Background: Diabetic foot ulcers (DFUs) are a major complication of diabetes mellitus and a leading cause of lower limb amputation. Interventions to reduce psychological stress may have the potential to improve self-care and greatly reduce the morbidity and mortality associated with DFU. This review is focused on the consequences of psychological stress in wound healing and reflects on the effects of currently used psychological stress-reducing interventions in patients with DFU, proposing new applications for currently used stress-reduction interventions.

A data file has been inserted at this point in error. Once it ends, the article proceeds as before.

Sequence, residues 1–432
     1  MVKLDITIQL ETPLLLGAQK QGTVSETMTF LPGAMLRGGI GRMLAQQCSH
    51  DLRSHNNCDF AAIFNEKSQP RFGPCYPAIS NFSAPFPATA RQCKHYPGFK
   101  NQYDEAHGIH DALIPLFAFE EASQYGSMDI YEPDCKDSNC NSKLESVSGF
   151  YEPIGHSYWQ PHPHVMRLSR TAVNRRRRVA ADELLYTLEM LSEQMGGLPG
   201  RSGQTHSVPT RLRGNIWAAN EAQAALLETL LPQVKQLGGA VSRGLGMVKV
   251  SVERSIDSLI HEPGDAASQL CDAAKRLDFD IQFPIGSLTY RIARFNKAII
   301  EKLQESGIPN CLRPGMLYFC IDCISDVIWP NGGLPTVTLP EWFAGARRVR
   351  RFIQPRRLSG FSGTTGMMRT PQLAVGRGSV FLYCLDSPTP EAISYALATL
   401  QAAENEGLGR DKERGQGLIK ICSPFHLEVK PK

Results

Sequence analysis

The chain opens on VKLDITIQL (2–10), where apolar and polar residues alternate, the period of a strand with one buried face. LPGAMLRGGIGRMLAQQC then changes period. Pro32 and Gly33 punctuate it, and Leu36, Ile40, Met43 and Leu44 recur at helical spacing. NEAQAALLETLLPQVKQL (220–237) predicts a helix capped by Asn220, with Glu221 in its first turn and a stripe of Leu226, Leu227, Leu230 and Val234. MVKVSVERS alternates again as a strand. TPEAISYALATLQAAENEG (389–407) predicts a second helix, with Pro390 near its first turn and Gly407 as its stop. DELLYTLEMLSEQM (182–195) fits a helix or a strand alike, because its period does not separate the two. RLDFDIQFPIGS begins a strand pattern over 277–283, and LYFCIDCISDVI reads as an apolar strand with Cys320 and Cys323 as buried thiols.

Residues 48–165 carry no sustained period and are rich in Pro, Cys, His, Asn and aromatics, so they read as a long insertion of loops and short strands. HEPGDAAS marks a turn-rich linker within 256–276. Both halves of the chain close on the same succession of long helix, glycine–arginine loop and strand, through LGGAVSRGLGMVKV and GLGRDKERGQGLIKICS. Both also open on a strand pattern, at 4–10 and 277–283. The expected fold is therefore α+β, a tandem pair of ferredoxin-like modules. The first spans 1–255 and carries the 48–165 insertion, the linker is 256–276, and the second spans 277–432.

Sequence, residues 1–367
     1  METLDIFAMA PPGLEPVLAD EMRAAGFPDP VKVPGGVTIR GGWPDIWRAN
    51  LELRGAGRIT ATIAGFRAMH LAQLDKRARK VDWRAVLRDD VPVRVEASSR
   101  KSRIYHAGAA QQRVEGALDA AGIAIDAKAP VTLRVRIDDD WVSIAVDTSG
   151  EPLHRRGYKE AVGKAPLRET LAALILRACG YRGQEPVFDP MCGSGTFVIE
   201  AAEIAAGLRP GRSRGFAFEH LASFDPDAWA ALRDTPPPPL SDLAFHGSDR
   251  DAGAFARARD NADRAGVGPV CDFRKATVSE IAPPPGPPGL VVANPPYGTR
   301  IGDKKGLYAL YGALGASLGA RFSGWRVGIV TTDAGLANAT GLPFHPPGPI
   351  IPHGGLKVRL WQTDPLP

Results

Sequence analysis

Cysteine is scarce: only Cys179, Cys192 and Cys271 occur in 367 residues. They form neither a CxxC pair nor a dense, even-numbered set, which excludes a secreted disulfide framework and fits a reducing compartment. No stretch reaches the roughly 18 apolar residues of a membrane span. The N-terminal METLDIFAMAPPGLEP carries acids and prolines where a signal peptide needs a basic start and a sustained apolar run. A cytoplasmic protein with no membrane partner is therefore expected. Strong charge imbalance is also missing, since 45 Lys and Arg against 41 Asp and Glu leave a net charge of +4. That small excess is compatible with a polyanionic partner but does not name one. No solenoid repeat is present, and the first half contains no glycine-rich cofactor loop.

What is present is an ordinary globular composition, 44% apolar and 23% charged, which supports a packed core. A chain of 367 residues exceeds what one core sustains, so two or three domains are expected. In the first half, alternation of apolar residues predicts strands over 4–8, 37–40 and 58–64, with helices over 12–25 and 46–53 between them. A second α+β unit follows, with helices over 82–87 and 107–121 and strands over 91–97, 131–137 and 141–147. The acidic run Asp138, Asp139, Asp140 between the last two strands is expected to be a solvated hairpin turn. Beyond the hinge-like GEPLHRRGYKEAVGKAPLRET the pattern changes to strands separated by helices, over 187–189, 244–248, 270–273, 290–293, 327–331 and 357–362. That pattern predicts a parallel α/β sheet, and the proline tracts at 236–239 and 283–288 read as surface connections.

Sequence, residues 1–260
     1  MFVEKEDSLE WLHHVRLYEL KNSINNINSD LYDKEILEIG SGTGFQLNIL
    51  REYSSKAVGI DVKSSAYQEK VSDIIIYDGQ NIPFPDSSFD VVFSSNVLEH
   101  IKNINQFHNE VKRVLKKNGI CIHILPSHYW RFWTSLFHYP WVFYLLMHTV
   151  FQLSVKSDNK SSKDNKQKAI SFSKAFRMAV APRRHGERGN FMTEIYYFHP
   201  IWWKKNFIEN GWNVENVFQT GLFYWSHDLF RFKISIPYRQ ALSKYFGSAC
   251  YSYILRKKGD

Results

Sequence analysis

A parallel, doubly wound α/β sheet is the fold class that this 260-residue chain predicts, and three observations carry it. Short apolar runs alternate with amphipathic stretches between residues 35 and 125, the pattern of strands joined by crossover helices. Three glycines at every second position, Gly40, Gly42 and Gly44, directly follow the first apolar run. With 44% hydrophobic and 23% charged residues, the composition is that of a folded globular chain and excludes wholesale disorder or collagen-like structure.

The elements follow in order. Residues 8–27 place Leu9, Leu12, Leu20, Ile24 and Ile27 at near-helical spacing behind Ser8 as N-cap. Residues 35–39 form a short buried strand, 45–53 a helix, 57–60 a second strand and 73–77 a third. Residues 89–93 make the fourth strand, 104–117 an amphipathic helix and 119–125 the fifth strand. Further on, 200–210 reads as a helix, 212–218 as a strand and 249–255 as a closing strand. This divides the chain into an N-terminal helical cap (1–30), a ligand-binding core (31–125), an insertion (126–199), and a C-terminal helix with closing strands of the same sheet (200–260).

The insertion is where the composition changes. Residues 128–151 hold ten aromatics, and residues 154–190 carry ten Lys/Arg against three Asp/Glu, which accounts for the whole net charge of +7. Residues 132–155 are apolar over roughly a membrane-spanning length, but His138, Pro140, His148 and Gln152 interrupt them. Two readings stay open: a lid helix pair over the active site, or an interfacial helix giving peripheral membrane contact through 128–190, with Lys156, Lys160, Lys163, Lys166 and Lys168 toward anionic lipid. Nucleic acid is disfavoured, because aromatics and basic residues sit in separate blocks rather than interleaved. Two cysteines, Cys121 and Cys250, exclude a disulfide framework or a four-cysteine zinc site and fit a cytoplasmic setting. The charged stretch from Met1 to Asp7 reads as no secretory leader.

Results: Stress is a natural and fundamental survival mechanism that becomes harmful when chronic. DFU is associated with high levels of anxiety and chronic psychological stress. Chronic stress induced cortisol and adrenaline release impairs wound healing, independently of the stressor. Psychological stress-reducing interventions, such as relaxation with guided imagery, biofeedback-assisted relaxation, mindfulness-based strategies, and hypnosis can lead to a reduction in perceived stress and improve wound healing, by reducing wound inflammation and pain, while improving glycemic control. All stress reduction interventions also lead to pain relief and improved patient’s quality of life.